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Thu, Aug 23, 2001 - Page 19 News List

Southeast Asian airports look to uncertain skies

DPA , BANGKOK

The tendency to skip smaller Asian aviation hubs is expected to increase as the new long-haul airborne leviathan, Airbus 380, capable of carrying 550 passengers, lumbers into the skies in 2006 and Boeing's Sonic Cruiser jets, flying at 95 percent the speed of sound, become available in 2007.

Boeing Company chairman Philip Condit, on a recent trip to Singapore, warned that the new sonic jets could result in passengers bypassing traditional hubs such as Singapore and Bangkok.

Such scary scenarios are already forcing regional airports to stay competitive by price cutting.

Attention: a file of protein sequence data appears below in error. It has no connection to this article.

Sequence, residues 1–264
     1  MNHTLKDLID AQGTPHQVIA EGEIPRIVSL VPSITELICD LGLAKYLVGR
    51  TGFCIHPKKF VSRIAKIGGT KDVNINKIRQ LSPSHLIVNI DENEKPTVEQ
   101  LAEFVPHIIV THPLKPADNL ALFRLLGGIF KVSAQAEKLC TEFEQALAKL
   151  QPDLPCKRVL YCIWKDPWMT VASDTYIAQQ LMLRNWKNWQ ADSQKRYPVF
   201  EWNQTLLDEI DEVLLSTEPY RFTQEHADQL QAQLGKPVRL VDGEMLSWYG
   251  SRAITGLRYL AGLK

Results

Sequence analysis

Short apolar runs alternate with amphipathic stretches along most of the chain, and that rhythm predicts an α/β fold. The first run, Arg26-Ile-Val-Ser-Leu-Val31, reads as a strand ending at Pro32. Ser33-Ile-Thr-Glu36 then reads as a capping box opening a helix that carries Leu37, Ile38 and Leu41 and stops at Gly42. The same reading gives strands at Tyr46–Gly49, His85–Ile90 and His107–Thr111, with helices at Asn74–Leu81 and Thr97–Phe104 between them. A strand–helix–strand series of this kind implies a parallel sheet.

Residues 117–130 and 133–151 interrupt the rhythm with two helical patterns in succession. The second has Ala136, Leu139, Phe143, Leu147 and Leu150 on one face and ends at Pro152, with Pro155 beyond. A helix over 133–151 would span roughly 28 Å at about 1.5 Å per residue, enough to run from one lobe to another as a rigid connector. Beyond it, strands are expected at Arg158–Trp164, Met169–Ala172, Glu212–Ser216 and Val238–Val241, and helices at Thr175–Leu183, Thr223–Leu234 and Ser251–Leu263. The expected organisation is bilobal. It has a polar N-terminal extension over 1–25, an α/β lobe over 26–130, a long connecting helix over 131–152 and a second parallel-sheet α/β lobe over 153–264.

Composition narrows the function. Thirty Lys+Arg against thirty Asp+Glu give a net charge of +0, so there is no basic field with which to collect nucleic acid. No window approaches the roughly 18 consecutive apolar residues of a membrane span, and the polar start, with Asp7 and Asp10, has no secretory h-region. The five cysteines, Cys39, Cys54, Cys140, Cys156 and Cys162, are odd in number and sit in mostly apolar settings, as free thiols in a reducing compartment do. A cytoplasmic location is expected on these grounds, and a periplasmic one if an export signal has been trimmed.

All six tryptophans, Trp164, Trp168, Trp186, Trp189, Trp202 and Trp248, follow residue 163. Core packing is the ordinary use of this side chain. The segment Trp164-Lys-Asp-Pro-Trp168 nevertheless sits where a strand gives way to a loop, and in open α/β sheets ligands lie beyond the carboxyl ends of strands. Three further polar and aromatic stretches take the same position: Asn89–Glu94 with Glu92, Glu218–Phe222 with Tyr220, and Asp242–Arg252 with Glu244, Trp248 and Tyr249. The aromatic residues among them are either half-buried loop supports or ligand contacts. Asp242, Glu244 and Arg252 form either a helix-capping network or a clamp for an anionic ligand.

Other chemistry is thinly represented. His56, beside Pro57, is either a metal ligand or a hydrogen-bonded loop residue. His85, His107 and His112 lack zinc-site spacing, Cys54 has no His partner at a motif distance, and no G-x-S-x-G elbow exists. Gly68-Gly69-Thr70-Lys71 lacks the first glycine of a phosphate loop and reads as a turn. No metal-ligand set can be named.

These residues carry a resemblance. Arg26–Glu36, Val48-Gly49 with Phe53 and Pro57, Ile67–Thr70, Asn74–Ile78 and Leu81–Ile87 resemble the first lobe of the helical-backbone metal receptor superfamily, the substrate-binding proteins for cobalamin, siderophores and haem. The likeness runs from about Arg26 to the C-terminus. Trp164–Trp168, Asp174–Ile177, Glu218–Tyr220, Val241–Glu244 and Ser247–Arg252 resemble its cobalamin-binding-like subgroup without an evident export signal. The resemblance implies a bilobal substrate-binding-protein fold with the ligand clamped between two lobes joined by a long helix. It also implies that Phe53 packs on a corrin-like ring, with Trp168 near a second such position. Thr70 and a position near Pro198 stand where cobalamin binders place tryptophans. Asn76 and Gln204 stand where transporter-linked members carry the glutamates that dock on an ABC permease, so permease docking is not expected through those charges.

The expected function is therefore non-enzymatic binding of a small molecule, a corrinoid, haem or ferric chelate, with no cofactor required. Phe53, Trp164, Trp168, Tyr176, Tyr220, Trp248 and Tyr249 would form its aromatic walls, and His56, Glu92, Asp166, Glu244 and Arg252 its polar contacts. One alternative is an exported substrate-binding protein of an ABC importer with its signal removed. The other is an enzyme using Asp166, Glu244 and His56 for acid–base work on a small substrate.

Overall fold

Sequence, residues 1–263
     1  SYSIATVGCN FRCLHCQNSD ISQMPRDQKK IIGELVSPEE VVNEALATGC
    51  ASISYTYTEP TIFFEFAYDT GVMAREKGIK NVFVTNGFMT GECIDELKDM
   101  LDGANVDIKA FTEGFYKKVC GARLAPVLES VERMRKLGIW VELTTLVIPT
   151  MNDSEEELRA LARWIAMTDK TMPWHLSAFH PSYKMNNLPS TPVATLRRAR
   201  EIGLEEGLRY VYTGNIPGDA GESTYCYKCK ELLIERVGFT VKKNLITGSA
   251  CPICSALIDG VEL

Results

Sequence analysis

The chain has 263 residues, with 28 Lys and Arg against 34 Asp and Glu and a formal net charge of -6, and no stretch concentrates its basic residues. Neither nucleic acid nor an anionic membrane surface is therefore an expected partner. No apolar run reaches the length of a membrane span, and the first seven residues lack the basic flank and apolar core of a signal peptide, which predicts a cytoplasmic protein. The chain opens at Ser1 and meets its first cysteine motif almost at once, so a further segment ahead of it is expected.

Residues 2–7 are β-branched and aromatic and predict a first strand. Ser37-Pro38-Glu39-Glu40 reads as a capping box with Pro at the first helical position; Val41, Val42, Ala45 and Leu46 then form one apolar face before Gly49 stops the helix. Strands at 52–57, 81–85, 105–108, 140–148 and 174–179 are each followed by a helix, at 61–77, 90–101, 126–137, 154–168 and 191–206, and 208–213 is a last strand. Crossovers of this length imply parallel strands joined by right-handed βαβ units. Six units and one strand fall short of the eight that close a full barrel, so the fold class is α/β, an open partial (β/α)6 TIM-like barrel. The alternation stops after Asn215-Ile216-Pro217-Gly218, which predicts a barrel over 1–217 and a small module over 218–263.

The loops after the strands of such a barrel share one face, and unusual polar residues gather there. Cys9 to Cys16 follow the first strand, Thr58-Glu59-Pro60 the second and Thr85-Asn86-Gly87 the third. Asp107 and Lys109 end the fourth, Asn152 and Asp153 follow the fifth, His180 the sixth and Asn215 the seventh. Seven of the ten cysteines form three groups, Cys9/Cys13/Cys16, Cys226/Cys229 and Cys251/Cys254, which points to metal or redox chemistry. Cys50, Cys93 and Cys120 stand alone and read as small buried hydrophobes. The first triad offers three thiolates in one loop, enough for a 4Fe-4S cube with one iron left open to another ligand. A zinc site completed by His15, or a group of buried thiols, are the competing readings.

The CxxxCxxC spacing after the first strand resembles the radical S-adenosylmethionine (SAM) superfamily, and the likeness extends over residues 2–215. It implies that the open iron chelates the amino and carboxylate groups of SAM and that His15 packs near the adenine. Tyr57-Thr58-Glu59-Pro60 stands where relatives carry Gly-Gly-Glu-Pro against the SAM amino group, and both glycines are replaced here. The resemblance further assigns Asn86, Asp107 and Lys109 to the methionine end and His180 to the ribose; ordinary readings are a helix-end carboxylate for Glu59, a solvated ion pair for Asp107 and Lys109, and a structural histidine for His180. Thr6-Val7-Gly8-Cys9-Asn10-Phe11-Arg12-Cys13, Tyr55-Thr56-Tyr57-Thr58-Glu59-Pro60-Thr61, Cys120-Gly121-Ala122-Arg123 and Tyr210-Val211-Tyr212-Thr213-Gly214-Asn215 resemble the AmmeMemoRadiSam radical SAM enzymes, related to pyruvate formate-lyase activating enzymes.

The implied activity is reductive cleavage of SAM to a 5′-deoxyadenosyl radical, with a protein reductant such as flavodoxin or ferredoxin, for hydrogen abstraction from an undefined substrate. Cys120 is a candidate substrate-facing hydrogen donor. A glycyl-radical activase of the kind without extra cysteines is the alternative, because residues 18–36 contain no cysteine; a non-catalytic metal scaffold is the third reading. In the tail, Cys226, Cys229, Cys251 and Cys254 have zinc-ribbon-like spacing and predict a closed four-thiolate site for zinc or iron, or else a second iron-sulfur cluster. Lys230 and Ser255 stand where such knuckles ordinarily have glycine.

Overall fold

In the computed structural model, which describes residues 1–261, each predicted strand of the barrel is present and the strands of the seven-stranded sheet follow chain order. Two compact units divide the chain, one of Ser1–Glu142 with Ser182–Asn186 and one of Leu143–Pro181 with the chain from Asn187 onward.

Singapore Changi Airport, for instance, has this year managed to attract cargo business away from neighboring Malaysia by undercutting KLIA's freight rates, said Walter Culas, chairman of the Airfreight Forwarders Association of Malaysia.

"Now cargo is being sent by road to Singapore to be flown out because the rates in Singapore are much cheaper," said Culas.

Air cargo from KLIA has dropped about 40 percent this year, compared with 2000, due to the global economic slowdown.

While cargo traffic is down regionwide, what is saving Southeast Asian airports this year is tourism. Tourist arrivals in Malaysia during the first half of this year reached US$7.23 million, an increase of 44 percent compared with the same period last year.

A robust tourism industry meant arrivals at Bangkok airport during the "Asian crisis" years of 1997 to 2000 grew an average of 6 percent, compared with 1 to 4 percent declines witnessed at other Southeast Asian airports.

Despite its prime status as a tourism hub, Thailand continues to drag its feet on setting up a new international airport for Bangkok.

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